Dale Earnhardt Jr. Dale Earnhardt Jr.

Dale Earnhardt Jr. rode into Victory Lane at Pocono Raceway on June 8, enjoying what is looking a lot like the best season of his NASCAR Sprint Cup career. His triumph in that race was his second of the season, meaning he'd already won as many races this year as he had the seven previous seasons combined. And with this year's points system favoring wins much more than consistency, Earnhardt is now a lock to qualify for the Chase for the Sprint Cup playoff that begins in September.

Earnhardt is grateful in his celebration. "[When I] thank those guys on my team, I really mean it," he says of his crew. "Especially Steve Letarte — this is his last year."

Letarte, Earnhardt's crew chief since 2011, has helped engineer a racing renaissance in his driver. He will leave at the end of this season to join NBC's on-camera lineup when the network begins its NASCAR coverage in 2015. And all the sweat and effort have led to this: a final campaign with Earnhardt that began with a season-opening Daytona 500 win on Feb. 23.

As the circuit returns to Daytona July 5 for the midseason race (on TNT), ­Earnhardt — who is more committed than ever to finding enough speed to win ­races — senses a different clock ticking. The 11-time winner of NASCAR's Most Popular Driver Award would like nothing more than to add his first Sprint Cup to the mantle. Thanks to Letarte's guidance on the track and at the shop — and, just as important, the steadying influence of Amy Reimann, his girlfriend for the past several years — Earnhardt has come to embrace the ­inspirational power of hard work and ­contentment. And, when the season ends, Earnhardt hopes to finish what he started at the Daytona 500, with Letarte by his side.

"Standing in Victory Lane after the Daytona 500, I thought, 'This whole season needs to be like this,'" Earnhardt said at Pocono, two days before his win. "We need to do ­whatever we can to make this season be as good as it can be."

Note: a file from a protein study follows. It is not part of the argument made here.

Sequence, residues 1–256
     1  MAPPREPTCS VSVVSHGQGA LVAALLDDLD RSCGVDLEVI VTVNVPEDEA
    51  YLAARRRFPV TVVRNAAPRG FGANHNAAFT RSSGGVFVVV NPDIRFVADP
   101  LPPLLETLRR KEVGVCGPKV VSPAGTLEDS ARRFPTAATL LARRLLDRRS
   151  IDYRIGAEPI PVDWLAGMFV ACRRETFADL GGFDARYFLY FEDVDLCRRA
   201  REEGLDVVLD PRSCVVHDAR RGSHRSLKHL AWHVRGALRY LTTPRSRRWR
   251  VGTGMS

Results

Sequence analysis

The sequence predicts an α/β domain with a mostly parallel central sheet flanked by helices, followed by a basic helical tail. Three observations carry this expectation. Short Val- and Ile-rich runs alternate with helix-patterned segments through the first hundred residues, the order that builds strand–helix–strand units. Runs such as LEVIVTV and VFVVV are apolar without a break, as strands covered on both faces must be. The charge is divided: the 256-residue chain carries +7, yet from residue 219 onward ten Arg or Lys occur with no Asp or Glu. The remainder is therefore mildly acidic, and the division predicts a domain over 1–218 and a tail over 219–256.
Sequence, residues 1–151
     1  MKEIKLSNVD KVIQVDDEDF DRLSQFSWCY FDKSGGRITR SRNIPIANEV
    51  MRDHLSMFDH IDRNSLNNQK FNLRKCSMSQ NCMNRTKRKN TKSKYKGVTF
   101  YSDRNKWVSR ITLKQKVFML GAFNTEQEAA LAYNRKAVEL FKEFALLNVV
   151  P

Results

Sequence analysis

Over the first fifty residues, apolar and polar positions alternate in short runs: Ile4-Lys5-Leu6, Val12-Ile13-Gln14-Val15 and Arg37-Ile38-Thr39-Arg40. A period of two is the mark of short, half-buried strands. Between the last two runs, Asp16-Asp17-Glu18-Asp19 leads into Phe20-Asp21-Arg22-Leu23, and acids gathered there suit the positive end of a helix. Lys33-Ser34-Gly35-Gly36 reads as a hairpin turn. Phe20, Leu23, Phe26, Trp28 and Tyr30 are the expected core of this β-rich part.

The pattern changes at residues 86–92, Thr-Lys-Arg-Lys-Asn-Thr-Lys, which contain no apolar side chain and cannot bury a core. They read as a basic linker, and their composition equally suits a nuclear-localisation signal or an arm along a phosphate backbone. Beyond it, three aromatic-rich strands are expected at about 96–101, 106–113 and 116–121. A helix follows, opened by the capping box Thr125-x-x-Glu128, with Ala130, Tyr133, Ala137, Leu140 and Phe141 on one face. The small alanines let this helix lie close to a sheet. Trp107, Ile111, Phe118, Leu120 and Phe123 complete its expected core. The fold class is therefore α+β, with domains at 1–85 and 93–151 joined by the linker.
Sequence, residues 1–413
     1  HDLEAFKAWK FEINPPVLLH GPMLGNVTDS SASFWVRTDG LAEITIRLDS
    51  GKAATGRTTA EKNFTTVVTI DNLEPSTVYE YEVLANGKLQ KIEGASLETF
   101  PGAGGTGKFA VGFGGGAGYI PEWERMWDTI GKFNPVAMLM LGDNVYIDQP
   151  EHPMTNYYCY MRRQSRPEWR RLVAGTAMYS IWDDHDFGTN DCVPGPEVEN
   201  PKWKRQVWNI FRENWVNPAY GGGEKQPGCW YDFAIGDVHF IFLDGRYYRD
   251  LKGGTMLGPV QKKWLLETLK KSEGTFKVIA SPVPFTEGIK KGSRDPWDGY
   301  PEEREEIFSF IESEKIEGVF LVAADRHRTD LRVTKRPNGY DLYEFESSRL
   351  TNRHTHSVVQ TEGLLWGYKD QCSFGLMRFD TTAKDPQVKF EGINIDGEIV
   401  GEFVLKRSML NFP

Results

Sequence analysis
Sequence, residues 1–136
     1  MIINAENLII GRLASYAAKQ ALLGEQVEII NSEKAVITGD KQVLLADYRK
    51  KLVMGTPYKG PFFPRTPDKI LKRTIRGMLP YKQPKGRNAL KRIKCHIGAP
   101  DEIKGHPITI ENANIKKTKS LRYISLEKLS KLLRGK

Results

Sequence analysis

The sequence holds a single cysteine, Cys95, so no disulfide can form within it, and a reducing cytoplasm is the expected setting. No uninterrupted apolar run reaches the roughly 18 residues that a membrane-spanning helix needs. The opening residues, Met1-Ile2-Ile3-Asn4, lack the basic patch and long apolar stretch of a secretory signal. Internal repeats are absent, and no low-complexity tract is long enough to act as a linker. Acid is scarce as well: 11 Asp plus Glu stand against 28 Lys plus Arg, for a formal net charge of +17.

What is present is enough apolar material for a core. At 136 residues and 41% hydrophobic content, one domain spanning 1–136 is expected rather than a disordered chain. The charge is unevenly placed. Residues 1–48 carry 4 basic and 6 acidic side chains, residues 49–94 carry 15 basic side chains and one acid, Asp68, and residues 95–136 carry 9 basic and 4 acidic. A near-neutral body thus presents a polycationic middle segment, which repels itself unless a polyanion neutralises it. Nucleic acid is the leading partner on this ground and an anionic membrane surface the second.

There's no doubt in anyone's mind — least of all Earnhardt's — that he is operating in a different gear now. For years, he spoke about a greater sense of maturity in his life as if it were more an aspiration than reality. He displayed a kind of ­impulsiveness that, by his own ­admission, no longer fits a man who turns 40 on Oct. 10.

"I find myself looking back in the past at my morals and values and priorities and wondering why I did things a certain way," says Earnhardt, who has done his share of partying at Whisky River, the bar he owns in Charlotte. "It's not so much regret — I had a lot of fun. But some people get it right away and I sat there and was a frat boy for 10 years and didn't mature as quickly as maybe I should have. I look back and it's like a totally different life."

Things hit a crescendo when he signed with racing team Hendrick Motorsports before the 2008 season — after ugly contract negotiations over ownership issues with his stepmother, Teresa Earnhardt, ultimately led to his gut-wrenching decision to leave Dale Earnhardt Inc., the company founded by his legendary racer father. Three seasons later, after working with two different crew chiefs, he'd earned a total of one victory in the most ­aimless period of his driving career.

That's when team owner Rick Hendrick made the savvy move to switch up his race shops, putting Earnhardt in with perennial champ Jimmie Johnson and then choosing Letarte — who had been Jeff Gordon's crew chief — to work with Earnhardt. ­Earnhardt and his crew became more inclined to share race ­information with Johnson and his powerhouse team, led by crew chief Chad Knaus. Gordon had won 10 races in five and a half seasons with Letarte and had a second-place ranking in 2007, but by 2011, they were not ­always on the same page. Hendrick hoped that ­Letarte's excessively ­positive attitude would rub off on Earnhardt.

"Conveniently, our personalities align well enough and we became friends the first year," Letarte says. "That allowed us to be real honest on the professional side and respect the amount of work we each put in. You have to really believe the other guy is trying as hard as he can."

That effort did not come easily. The 2011 season started off poorly; two races in, Earnhardt was suddenly dogged by the idea that nothing might reverse the awful frustrations of the previous seasons. Then, at Las Vegas Motor Speedway, something clicked, and he recognized his put-up-or-shut-up moment had arrived. "We were struggling in practice," he says. "And I just thought, 'I need to push all my chips in with Steve. There can't be any reason this won't work. If my guys are there working, I need to be there.' I didn't wanna have any regrets. I knew this was the last straw for me."

Inspired by Letarte's calm but firm hand, Junior began a turnaround. "Dale hung out with all of us. We made some changes for that Sunday; we went out and ran solidly," Letarte recalls. "And that was the first time we really believed in ourselves."

For more with Dale Earnhardt Jr., pick up this week's issue of TV Guide Magazine, on newsstands Thursday, June 26!

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